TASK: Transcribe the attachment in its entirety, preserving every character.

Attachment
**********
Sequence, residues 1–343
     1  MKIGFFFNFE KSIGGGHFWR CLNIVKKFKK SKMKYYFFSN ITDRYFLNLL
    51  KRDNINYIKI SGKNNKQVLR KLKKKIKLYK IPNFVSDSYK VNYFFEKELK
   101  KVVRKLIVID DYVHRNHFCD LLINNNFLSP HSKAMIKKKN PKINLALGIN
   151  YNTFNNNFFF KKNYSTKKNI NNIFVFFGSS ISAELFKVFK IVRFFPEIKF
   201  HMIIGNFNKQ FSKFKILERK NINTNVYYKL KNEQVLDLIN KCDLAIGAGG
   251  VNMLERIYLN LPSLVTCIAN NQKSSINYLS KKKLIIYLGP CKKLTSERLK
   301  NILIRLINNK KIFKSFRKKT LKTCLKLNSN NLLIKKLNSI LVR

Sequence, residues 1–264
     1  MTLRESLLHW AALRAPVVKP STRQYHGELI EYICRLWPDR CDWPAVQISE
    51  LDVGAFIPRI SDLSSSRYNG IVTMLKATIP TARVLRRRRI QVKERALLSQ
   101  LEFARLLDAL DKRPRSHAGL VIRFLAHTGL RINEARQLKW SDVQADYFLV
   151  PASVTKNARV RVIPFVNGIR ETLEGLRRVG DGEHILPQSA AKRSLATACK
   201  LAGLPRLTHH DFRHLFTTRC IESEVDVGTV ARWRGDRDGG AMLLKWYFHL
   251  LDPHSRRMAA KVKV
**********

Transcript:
Sequence, residues 1–343
     1  MKIGFFFNFE KSIGGGHFWR CLNIVKKFKK SKMKYYFFSN ITDRYFLNLL
    51  KRDNINYIKI SGKNNKQVLR KLKKKIKLYK IPNFVSDSYK VNYFFEKELK
   101  KVVRKLIVID DYVHRNHFCD LLINNNFLSP HSKAMIKKKN PKINLALGIN
   151  YNTFNNNFFF KKNYSTKKNI NNIFVFFGSS ISAELFKVFK IVRFFPEIKF
   201  HMIIGNFNKQ FSKFKILERK NINTNVYYKL KNEQVLDLIN KCDLAIGAGG
   251  VNMLERIYLN LPSLVTCIAN NQKSSINYLS KKKLIIYLGP CKKLTSERLK
   301  NILIRLINNK KIFKSFRKKT LKTCLKLNSN NLLIKKLNSI LVR

Sequence, residues 1–264
     1  MTLRESLLHW AALRAPVVKP STRQYHGELI EYICRLWPDR CDWPAVQISE
    51  LDVGAFIPRI SDLSSSRYNG IVTMLKATIP TARVLRRRRI QVKERALLSQ
   101  LEFARLLDAL DKRPRSHAGL VIRFLAHTGL RINEARQLKW SDVQADYFLV
   151  PASVTKNARV RVIPFVNGIR ETLEGLRRVG DGEHILPQSA AKRSLATACK
   201  LAGLPRLTHH DFRHLFTTRC IESEVDVGTV ARWRGDRDGG AMLLKWYFHL
   251  LDPHSRRMAA KVKV